posted on Jan, 3 2009 @ 11:30 PM
On Lycans of the sub-species Homo-Exrien of the species Homo-Sapien
Similar to my belief in Dragons, “Vampires”, and other mythical creatures, my belief in “Werewolves” stems from how widespread,
ancient, and similar their myths have been. I have read many a book about the “shape-shifters” but have only gathered bits of practical
information. I have always believed in their current existence but not until this last year, did I have any evidence or practical explanation. The
answer is adrenaline. The following is a set of responses to the most commonly made points that I’ve heard.
I refer to the myth of the very real Lycan, as “Werewolves”. Most of the myths we hear and read about concerning Lycans have at least a few
things in common; the victims are vulnerable somehow, either as a person, or in their situation, and the attacks are usually in small villages, or at
least in places where mob thinking is not hard to gain. With saying this, I do not believe Lycans physically change form. They do however change
posture, muscular tenseness, agility, strength, facial expression, and mental state.
The story of a Lycan’s attack on a person would mostly likely return to the people by a person who was there and therefore was shocked. It is
easy to imagine that a person with such a different demeanor, threatening advances, and slightly strengthened abilities would change the way a common
person looked at them. The shape-shifting part of the myths might also come from the Lycans themselves describing their change in perception and
Growing hair, teeth, and nails
Adrenaline easily explains longer hair, teeth, and nails. Adrenaline restricts blood vessels and increases blood flow to vital parts of the body.
Adrenaline wears the body by increasing growth rate. Teeth would also look larger because of the Lycan bearing his or her teeth. A Lycan would also be
more likely to seclude themselves, especially after having attacked another human, a point strengthened by the myths; giving them no reason to cut
their hair or nails.
Relation to Lycanthropy
Lycanthropy is the disease from which the term Lycan was coined. Lycanthropy is a mental condition where a person believes to change into the form of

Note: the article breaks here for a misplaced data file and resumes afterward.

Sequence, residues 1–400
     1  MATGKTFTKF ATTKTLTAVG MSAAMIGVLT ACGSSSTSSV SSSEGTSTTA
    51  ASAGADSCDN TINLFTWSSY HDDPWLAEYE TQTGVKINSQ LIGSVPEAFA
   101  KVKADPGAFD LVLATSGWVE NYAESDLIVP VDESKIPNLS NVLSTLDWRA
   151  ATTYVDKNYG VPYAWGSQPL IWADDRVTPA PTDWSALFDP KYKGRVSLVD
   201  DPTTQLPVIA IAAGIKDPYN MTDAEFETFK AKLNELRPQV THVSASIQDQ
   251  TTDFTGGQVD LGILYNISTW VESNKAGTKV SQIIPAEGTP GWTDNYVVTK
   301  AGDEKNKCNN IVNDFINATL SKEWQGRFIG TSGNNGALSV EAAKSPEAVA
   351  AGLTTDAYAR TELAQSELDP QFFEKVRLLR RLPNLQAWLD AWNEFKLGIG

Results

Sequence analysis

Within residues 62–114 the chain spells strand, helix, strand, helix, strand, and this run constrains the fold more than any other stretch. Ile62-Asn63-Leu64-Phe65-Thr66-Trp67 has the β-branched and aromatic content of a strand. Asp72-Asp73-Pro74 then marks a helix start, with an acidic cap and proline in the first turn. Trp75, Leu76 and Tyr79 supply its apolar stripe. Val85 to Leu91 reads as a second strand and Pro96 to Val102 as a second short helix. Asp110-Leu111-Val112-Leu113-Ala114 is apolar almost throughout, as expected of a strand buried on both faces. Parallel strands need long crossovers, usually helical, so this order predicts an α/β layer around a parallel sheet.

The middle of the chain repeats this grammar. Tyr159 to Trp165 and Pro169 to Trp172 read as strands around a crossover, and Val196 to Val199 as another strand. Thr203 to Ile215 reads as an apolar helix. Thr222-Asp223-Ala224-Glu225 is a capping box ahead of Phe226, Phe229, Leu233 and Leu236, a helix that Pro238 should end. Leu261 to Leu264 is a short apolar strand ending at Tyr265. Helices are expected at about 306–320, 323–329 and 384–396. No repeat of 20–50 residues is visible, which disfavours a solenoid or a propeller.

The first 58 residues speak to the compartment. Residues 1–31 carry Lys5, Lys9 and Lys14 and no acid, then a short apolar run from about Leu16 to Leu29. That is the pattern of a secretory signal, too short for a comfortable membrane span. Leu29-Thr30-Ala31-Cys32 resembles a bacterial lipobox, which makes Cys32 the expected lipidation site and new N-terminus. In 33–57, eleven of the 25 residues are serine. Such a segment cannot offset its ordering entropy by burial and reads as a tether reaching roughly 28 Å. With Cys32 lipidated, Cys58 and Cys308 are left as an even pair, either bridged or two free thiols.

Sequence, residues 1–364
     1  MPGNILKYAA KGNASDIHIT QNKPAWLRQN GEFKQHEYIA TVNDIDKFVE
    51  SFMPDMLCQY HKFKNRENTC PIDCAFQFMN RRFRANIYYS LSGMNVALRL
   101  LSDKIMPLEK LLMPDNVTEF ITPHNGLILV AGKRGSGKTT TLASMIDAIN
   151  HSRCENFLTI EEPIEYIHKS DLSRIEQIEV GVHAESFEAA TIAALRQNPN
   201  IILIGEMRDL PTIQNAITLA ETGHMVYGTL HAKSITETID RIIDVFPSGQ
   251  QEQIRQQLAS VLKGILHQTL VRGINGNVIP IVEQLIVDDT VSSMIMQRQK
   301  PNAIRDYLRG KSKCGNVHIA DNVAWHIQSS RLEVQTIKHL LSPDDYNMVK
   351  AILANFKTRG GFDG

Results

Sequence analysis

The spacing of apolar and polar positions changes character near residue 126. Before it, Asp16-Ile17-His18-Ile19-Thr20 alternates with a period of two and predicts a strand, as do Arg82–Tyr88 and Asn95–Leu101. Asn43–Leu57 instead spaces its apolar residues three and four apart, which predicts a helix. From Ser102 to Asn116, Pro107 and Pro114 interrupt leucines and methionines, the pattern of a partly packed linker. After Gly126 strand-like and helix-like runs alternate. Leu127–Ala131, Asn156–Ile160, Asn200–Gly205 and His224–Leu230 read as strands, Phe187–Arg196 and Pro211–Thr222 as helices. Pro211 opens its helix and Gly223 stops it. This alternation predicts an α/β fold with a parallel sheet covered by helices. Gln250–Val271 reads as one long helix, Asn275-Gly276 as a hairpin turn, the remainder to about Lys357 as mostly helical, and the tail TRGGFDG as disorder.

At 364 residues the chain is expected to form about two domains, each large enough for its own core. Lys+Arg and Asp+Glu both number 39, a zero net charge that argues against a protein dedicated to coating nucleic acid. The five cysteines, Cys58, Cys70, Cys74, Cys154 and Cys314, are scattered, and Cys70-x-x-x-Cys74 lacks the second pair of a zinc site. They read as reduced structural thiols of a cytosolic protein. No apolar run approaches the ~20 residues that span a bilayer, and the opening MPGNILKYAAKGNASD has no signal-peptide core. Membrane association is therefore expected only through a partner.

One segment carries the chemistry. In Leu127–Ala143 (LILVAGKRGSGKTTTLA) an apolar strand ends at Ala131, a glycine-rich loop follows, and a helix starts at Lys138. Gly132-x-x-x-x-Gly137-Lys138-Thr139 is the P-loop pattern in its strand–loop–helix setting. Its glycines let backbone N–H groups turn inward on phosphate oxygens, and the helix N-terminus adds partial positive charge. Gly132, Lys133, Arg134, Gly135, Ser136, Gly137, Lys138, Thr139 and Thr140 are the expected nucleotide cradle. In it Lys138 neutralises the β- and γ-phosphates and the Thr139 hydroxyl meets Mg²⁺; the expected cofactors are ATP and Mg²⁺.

an animal. This disease carries no significant connection to true Lycanism, but has been reinforced by myths of Lycans. The only resemblance is both
result in a similar change in demeanor and instinctual thought.
I have no explanation for this besides maybe an allergic reaction to silver possibly enhanced by excess adrenaline, an unknown lethal reaction of
adrenaline filled blood to silver, or simply the coincidence of a person that killed a Lycan having killed he or she with something silver.
Turning into one by a bite
I also have no concrete explanation for this point. My best estimation is that the mixture of the victim’s fear-induced adrenaline, the pain of
being bitten, the fact that it was by a “crazed” person, and later in history, the reliance on what the myths say about being bitten by one,
either “break” the peripheral barrier to the part of the brain that controls adrenaline, or there is enough stress to craze the victim, who then
acts like his or her assailant.
Adrenaline gives humans added strength, agility, and speed, and nor-adrenaline gives human increased hearing, vision, smelling, and mental acuity. It
also takes away from the frontal lobe, used for reasoning and understanding, another reinforcing point.
Reaction to a full moon
I believe this part of the myths is a remnant of the possible Lycans groups or clans. I think they simply decided to meet on the full moons for
hunts. This could also have entered the myths through many early-European religions that included the phases of the moon as key markers to their
religion. Many other cultures in the world have used the moon for time and planning. Another explanation is that...